We all have our favorite actors that we've carried with us since childhood. Every movie fanatic has a dozen or more (fine, maybe hundreds) but among my particular generation (and perhaps the one that preceded it) few "character actors" are as widely respected as Mr. Robert Duvall. He's absolutely one of those "I'll see whatever movie he's in" actors, which means I've seen a ton of his films. Gathered below are a handful of Mr. Duvall's best moments. You can find dozens more just by picking through his filmography.
'To Kill a Mockingbird' (1962) -- He played Boo Radley! And it was his very first film! (Read Peter Martin's views on this auspicious debut right here.)
'True Grit' (1969) -- Played a great villain in the original film. And not the dumb one, either. The role played by Barry Pepper in the remake.
'M*A*S*H' (1970) -- Before Larry Linville took over the role on television it was Robert Duvall as the pious but very annoying Major Frank Burns.
'The Godfather' (1972) & 'The Godfather Part 2' (1974) -- These go without saying, but Duvall's Tom Hagen is an absolutely essential part of these classic crime thrillers, and the actor has no problem playing a relatively decent man who works for a den of thieves. (First Oscar nomination: 'The Godfather')
'Network' (1976) -- As a TV executive who's more than happy to put a suicidal man on the evening news, Duvall is a royal hoot.
'Invasion of the Body Snatchers' (1978) -- What a strange, creepy little cameo appearance.
'Apocalypse Now' (1980) -- "I love the smell of napalm in the morning!" This is what we call a 'force of nature' performance, and man is it fun. (Second Oscar nomination)
'The Great Santini' (1981) -- Just a quiet little "people drama" about a powerfully bull-headed father, but man is Duvall something to see here. (Third Oscar nomination)
'True Confessions' (1981) -- Duvall and De Niro play brothers; one a cop and the other a priest. Guess which is which.
'Tender Mercies' (1983) -- Sounds like a snoozer (a drama about a country singer's comeback) but it's really anything but. (Fourth Oscar nomination; first win)
'The Natural' (1984) -- Even in an ensemble this great, Mr. Duvall stands out as a skeptical sportswriter who also has a soft side.
'Colors' (1988) -- Duvall and Sean Penn play two tough cops in the gang-laden streets of Los Angeles.
'Lonesome Dove' (1989) -- Perhaps it's a cheat to include a television mini-series, but this is truly one of the best. Doubly so if you love westerns.
'Stalin' (1992) -- Another cheat, since this one's a cable movie. But MAN was this an impressive portrayal of a historical figure who's usually presented in caricature.
'Falling Down' (1993) -- It's mostly Michael Douglas' show, but even when playing "a cop on the cusp of retirement," Robert Duvall brings something special.
'The Man Who Captured Eichmann' (1996) -- Here's another cable movie semi-cheat, but hey: Robert Duvall has done some darn fine work on the small screen too.
'Sling Blade' (1996) -- Duvall's work late in this film is really quite haunting. Impressive and a little bit disturbing.
'The Apostle' (1997) -- The performance is one thing, but Duvall also wrote and directed this fascinating character study of a preacher who seeks redemption, but might not deserve it. (Fifth Oscar nomination)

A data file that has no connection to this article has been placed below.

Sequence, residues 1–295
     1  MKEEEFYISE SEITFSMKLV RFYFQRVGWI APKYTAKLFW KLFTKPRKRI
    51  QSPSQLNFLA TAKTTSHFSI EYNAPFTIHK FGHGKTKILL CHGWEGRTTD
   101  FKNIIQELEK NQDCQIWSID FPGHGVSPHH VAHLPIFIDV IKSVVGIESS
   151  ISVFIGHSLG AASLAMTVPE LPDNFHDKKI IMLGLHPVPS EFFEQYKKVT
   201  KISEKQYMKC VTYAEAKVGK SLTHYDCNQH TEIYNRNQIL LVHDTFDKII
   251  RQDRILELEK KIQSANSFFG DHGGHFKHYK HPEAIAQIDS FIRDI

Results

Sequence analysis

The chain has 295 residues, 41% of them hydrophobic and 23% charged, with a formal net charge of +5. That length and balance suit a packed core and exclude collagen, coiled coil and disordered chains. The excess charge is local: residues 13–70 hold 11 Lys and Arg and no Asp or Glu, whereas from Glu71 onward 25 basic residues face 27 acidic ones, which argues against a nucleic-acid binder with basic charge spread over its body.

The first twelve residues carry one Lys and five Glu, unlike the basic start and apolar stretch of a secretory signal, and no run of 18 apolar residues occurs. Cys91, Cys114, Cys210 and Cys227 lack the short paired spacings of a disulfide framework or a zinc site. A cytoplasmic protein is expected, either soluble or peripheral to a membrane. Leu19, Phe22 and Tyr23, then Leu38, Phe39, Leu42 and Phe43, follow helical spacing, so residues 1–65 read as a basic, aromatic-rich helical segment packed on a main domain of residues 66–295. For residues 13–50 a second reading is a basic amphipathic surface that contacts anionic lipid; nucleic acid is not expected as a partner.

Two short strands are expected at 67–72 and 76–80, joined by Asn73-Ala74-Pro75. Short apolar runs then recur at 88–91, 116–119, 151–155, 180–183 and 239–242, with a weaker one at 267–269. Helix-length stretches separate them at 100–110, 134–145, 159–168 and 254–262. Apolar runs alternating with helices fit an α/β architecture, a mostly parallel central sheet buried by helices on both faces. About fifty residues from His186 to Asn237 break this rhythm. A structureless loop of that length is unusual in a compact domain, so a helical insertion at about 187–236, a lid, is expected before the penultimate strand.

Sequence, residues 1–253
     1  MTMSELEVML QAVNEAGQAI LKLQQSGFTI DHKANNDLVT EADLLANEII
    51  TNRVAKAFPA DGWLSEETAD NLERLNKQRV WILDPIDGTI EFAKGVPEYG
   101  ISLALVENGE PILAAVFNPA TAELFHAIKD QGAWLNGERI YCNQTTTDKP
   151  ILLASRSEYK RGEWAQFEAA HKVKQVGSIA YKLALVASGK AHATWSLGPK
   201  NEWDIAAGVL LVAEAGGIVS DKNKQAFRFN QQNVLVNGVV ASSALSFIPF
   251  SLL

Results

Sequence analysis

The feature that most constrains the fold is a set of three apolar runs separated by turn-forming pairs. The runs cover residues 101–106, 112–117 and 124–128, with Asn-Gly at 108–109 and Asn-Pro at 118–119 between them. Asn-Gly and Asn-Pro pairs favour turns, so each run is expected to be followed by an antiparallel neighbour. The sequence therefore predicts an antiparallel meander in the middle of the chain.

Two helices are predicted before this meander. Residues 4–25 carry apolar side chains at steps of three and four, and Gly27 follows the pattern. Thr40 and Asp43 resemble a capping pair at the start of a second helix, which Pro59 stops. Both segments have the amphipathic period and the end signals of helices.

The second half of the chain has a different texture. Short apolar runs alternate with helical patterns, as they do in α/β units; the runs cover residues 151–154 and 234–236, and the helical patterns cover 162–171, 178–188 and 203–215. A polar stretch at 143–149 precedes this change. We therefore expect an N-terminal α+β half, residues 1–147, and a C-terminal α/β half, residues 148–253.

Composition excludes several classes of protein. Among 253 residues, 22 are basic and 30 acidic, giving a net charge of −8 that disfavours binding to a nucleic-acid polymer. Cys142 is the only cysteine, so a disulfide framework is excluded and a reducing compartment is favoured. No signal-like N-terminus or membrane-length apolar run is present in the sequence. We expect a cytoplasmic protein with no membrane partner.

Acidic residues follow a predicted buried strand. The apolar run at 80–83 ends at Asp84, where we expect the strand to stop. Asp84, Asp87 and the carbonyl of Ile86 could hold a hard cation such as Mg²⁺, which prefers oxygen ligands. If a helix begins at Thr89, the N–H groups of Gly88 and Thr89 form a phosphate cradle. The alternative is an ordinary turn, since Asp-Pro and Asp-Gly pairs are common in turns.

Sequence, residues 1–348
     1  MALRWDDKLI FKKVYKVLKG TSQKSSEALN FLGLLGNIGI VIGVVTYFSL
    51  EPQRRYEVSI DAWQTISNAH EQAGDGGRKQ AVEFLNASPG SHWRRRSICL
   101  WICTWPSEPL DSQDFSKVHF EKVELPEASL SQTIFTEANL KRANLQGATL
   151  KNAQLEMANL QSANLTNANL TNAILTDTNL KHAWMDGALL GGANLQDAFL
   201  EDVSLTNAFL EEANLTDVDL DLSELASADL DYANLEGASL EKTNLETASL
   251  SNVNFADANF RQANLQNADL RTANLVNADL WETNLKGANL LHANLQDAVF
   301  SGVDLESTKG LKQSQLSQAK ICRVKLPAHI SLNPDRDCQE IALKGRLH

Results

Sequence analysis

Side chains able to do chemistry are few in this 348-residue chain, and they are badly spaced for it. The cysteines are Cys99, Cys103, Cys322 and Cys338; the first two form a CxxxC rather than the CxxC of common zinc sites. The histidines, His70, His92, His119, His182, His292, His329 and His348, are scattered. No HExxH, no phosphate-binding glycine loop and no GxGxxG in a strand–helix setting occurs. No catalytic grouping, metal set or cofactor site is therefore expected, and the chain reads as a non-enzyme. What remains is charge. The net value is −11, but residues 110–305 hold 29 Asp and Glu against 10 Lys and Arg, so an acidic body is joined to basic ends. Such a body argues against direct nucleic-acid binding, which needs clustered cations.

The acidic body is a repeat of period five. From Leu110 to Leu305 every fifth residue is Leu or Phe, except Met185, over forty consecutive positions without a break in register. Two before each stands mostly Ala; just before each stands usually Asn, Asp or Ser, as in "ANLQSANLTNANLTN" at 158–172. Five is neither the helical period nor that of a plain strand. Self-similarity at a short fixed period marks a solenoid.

'Deep Impact' (1998) -- Not the most exciting "end of the world" flick out there, but you have to respect a big sci-fi adventure film that hires Robert Duvall as its action hero.
'A Civil Action' (1998) -- Leave it to an actor like Robert Duvall to get the role of "callous corporate attorney" and turn it into the most fascinating person in the whole film. (Sixth Oscar nomination)
'Gone in 60 Seconds' (1999) -- Typical Bruckheimer wackiness, but as usual Robert Duvall adds some rascally charm to even the silliest movies.
'Assassination Tango' (2002) -- A strange but engaging tale of a veteran hit man distracted by a beautiful woman. And dancing. (He also wrote and directed this film too.)
'Open Range' (2003) -- Something about Robert Duvall and westerns just goes together really well. Fortunately Kevin Costner knew what to do with the man.
'Secondhand Lions' (2003) -- A fairly slight family film, but Duvall and Michael Caine are just a joy to watch together.
'Broken Trail' (2006) -- Another (way) better than average "made for TV" western, and not just because Duvall is in it.
'Crazy Heart' (2009) -- He and Jeff Bridges share a few scenes that are worthy of framing.
'Get Low' (2009) -- As a man trying to pre-plan his own funeral, Duvall strikes a fantastic balance between bittersweet and just plain old ornery.
And if you think that's a lot, just look at some of the flicks we passed over: 'Bullitt' (1968), 'THX-1138' (1971), 'Joe Kidd' (1972), 'The Eagle Has Landed' (1976), 'The Seven Percent Solution' (1976), 'The Pursuit of D.B. Cooper' (1981), 'The Stone Boy' (1984), 'Days of Thunder' (1990), 'Rambling Rose' (1991), 'Newsies' (1992), 'Geronimo: An American Legend' (1993), 'Wrestling Ernest Hemingway' (1993), 'The Paper' (1994), 'Something to Talk About' (1995), 'Phenomenon' (1996), and 'John Q' and 'The Sixth Day' and 'Kicking & Screaming' and 'Thank You For Smoking' ... and more. Many more.
Oh, and here's a really weird Robert Duvall moment. It comes from a 1963 episode of 'The Twilight Zone.'
So clearly you can see why a movie freak of a certain age would be crazy in love with the work of Robert Duvall. Actually, scratch that ... a movie freak of any age. The man's as entertaining today as he was 25 years ago. And just as prolific.
From everyone here at Cinematical & Moviefone to a man who feels like a beloved family friend after all these years: Happy 80th Birthday, Robert Duvall!
(Top photo credits: Universal ('To Kill a Mockingbird'), Paramount ('The Godfather'), Warner Bros. ('The Great Santini'), Lionsgate ('Apocalypse Now' & 'Tender Mercies'), Sony Pictures Classics ('Get Low')